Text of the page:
Siegecraft Review

Traditionally, videogamers can be put into one of two categories: casual or hardcore. The casual gamer plays socially or for short periods at a time, while the hardcore gamer plays frequently and usually to completion. Some iOS games, like Angry Birds, appeal to both camps, offering short segments of gameplay but with depth, achievements, and leaderboards to satisfy the hardcore crowd. That’s where Crescent Moon’s Siegecraft aims, and that’s right where it hits.

Siegecraft doesn’t feature cute, colorful birds and pigs. It shuns cartoonish sound effects and two-dimensional graphics. Siegecraft instead offers the endless warring of knights, vikings, and samurai in a three-dimensional world. You have several weapons at your disposal, and you’re given several objectives to achieve.

‘Splosions and gibs.

The basics of each level are simple. You control one or multiple weapons– a crossbow, a catapult, or a trebuchet– which are operated like the slingshot in Angry Birds, by pulling across the touch screen and then releasing. Siegecraft requires a precise touch for certain shots, but it walks you through the basics so you’ll feel like a pro by the time the game gets tough.

The crossbow can fire in a straight line and has the quickest firing speed, while the catapult launches in an arch and is capable of traveling greater distances. The trebuchet is the ultimate weapon, but you must unlock it by completing other levels and earning in-game coins.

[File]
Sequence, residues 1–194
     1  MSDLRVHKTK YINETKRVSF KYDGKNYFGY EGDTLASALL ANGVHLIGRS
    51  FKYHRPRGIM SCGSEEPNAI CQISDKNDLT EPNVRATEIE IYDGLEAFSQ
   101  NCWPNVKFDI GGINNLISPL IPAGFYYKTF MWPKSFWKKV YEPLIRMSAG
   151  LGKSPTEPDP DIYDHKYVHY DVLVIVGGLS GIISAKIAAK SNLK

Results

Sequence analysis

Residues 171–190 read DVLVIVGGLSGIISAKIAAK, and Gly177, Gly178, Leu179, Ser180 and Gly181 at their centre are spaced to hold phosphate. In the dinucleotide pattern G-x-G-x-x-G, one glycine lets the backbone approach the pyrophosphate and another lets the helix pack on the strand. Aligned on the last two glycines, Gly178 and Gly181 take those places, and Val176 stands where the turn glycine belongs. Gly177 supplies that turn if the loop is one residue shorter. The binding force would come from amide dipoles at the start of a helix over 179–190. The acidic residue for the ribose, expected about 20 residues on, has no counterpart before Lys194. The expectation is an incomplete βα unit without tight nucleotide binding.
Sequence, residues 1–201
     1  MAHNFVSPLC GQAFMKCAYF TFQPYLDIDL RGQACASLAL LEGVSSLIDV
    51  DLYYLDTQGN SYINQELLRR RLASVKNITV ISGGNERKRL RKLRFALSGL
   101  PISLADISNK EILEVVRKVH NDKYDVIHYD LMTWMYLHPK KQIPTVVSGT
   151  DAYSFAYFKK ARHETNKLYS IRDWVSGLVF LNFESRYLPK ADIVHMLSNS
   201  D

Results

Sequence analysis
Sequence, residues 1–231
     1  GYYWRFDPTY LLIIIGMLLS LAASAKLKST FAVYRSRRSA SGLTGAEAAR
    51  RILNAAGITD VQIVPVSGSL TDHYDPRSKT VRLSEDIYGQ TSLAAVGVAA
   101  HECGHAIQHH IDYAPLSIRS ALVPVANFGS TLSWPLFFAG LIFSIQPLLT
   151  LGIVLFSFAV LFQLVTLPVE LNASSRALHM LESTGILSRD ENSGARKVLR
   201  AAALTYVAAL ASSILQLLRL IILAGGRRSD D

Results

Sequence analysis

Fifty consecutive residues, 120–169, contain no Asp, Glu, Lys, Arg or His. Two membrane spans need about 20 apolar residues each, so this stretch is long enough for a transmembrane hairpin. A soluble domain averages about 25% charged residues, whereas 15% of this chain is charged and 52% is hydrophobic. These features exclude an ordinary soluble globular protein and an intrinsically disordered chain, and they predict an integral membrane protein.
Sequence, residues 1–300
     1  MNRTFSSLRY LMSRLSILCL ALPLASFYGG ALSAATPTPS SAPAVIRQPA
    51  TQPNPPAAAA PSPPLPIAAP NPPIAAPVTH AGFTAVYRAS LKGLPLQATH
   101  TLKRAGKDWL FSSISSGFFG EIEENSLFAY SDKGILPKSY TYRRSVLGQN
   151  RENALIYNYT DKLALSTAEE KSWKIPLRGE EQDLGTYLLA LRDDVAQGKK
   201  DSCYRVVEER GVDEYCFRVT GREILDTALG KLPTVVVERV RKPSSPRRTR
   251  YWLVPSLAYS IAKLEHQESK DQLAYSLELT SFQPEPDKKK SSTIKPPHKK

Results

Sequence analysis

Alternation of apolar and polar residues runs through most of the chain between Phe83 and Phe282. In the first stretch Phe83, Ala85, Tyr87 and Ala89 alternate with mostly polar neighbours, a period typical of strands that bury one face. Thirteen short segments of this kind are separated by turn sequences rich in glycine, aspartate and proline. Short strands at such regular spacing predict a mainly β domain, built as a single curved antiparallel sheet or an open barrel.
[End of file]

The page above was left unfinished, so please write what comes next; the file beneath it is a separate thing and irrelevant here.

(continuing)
The Bridges of Siegecraft County.

Your objectives in each level vary. At times you may need to destroy a certain number of enemy troops. Other times, you may need to defend your own army or destroy enemy strongholds. There are different worlds as well, which nicely mixes up the environments. At first, you will begin in vast green fields, leading your army of knights against the dreaded vikings, but then you’ll move to the mountains to fight the samurai using zeppelins. You can even get your friends in on the Siegecraft craziness with turn-based multiplayer, which is a lot of fun.

Siegecraft has a surprising amount of depth. It’s not a freemium game, but upgrading your weapons or buying explosives to use against your enemy costs a good deal of coins. You earn coins by completing each level, and if you turn off the game’s aim-assist you’ll earn even more. However, this in-game reward system isn’t enough for you to afford the really awesome upgrades, unless you’re willing to devote loads of time and become a Siegecraft wizard.

It’s difficult to dislike a game like Siegecraft. It appeals to the casual gamer with short levels and intuitive gameplay, but the hardcore gamer will want to collect three stars on each level and grab the highest of high scores. The graphics are gorgeous and look wonderful on whatever device you use. The war between knights and vikings and samurai is on, and you’ll want to be a part of it.

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